Very carefully I turned the machine over by hand. It seemed to work correctly. But then I discovered how delicate these machines really are. Just like an exceptionally old wine, which is wonderful when opened but undrinkable within ten minutes, so it seems that my early success with the Divisumma was not to last. Every operation revealed some new misalignment or jam, and when that was fixed, another one showed up.
There is really a lost trade and craft here. Back in the day when these machines were commonplace, every town had numerous little back-street workshops, where bent-backed mechanics in brown coats would pore over them when they jammed or refused to work. I'm sure it was a common occurrence. In the few weeks I was using the Divisumma all those years back, it jammed once and had to go for repairs. Probably every machine was in the shop every few weeks. "Oh yes," the brown-coated old guy would say, "looks like the returbitating cam has shifted again, just move it a bit and tighten up the unflurging spring while I'm at it..." and the machine would be as good as new... for a few more weeks.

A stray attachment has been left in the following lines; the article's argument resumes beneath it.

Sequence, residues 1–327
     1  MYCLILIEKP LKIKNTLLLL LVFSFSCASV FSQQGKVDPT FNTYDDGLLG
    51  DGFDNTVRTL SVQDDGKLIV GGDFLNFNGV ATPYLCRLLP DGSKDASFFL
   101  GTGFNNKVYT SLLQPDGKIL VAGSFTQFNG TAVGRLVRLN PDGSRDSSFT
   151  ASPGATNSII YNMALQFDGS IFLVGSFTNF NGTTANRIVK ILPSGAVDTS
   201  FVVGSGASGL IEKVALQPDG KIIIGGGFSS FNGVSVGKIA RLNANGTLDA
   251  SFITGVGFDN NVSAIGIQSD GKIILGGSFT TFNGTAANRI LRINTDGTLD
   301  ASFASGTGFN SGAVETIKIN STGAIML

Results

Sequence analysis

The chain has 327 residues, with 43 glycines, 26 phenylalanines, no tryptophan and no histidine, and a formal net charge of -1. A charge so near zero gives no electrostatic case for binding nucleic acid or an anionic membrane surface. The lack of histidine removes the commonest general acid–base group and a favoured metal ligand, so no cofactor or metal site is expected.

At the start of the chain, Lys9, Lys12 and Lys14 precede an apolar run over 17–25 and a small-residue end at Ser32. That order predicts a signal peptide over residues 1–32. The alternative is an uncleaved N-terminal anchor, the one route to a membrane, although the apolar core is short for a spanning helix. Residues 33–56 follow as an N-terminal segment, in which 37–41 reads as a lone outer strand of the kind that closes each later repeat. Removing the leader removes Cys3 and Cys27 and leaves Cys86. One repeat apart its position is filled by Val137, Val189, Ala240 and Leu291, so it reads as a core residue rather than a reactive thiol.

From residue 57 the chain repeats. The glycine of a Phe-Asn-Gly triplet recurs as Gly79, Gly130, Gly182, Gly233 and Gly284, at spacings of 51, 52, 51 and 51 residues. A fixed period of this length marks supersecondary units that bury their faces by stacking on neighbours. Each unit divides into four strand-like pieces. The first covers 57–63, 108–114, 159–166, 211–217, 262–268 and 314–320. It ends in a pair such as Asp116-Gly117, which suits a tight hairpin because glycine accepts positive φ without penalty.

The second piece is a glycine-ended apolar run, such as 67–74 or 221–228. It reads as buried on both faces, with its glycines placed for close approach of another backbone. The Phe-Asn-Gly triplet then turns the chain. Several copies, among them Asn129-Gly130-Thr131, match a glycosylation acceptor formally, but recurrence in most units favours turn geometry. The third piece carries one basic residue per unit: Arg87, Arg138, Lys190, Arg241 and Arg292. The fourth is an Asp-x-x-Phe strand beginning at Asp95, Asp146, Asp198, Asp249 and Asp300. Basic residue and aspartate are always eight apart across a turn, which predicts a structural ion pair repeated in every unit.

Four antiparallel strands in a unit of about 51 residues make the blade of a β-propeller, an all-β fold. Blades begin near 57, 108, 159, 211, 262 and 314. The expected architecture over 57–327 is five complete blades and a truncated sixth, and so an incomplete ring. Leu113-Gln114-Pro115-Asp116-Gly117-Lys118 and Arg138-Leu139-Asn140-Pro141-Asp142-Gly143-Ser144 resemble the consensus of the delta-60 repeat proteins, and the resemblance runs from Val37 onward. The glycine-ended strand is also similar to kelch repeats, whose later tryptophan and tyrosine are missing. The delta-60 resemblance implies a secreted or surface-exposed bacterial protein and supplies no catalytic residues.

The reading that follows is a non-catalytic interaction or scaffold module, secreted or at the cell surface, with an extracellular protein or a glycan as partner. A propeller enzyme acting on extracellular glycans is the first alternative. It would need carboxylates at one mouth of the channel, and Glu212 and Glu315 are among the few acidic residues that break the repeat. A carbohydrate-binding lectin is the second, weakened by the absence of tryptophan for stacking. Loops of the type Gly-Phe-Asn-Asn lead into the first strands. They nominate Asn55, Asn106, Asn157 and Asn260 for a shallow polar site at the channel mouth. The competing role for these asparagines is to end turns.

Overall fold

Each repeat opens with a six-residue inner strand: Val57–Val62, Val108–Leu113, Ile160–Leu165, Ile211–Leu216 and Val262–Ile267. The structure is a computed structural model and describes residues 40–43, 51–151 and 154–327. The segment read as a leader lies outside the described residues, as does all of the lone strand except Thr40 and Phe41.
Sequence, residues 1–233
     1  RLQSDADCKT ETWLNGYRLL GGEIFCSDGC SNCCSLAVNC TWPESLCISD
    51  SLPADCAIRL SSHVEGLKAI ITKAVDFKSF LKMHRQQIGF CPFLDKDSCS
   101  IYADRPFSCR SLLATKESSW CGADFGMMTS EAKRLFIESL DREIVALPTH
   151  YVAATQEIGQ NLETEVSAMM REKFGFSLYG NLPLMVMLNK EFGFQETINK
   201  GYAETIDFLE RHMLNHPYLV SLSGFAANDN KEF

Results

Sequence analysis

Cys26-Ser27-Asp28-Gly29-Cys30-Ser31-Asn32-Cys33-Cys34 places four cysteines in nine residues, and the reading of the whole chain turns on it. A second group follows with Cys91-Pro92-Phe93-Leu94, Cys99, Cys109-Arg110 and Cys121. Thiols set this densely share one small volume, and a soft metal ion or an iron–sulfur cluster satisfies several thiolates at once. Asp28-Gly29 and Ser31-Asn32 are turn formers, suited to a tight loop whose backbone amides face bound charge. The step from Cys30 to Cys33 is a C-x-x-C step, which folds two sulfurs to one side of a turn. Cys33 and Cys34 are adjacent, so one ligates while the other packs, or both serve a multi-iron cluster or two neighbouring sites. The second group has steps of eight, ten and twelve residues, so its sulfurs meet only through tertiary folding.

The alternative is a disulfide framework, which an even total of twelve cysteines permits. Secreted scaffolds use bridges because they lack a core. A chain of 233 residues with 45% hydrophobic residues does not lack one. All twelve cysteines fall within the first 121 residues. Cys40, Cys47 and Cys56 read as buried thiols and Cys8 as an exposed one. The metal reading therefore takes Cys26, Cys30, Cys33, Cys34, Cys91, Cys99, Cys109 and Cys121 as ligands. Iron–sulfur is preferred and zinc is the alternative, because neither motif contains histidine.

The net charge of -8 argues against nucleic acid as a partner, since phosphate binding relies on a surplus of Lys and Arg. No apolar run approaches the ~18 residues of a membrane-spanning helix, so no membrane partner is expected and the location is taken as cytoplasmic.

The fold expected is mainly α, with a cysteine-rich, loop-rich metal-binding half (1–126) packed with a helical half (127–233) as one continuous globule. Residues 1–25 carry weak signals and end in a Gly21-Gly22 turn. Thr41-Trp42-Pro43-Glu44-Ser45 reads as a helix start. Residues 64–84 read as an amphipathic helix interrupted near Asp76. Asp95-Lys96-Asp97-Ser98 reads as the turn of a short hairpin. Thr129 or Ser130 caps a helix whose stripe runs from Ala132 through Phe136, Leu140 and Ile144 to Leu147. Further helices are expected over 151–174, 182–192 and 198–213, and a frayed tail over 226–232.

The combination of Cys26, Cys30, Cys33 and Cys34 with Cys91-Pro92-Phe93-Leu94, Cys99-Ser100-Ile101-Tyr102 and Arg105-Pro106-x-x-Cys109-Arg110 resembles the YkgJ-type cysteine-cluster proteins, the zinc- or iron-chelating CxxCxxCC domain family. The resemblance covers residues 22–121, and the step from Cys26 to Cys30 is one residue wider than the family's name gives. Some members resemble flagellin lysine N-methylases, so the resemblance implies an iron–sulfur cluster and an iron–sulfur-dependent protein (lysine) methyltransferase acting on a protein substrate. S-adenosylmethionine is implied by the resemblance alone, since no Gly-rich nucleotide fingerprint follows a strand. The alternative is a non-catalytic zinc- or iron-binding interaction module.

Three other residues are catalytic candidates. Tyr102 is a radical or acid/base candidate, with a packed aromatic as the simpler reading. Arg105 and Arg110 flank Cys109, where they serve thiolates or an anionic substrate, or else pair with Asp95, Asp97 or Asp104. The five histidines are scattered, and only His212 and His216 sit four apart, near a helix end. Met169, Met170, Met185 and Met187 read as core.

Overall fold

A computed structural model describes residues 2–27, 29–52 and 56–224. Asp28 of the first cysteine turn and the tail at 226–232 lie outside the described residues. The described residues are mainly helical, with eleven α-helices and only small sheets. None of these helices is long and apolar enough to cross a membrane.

Anyway, my Divisumma definitely needs some more tender loving care before it will be dividing again. It's a wonderful piece of engineering, and I'm very lucky to have it. It's certainly something to fill those long winter evenings!

8 comments:

hypGnosis said...

Just curious, but did you ever get your D-24 back into operating condition? I serviced these machines up until the time they were replaced by electronic calculators. If I can be of any assistance... please let me know.

Anonymous said...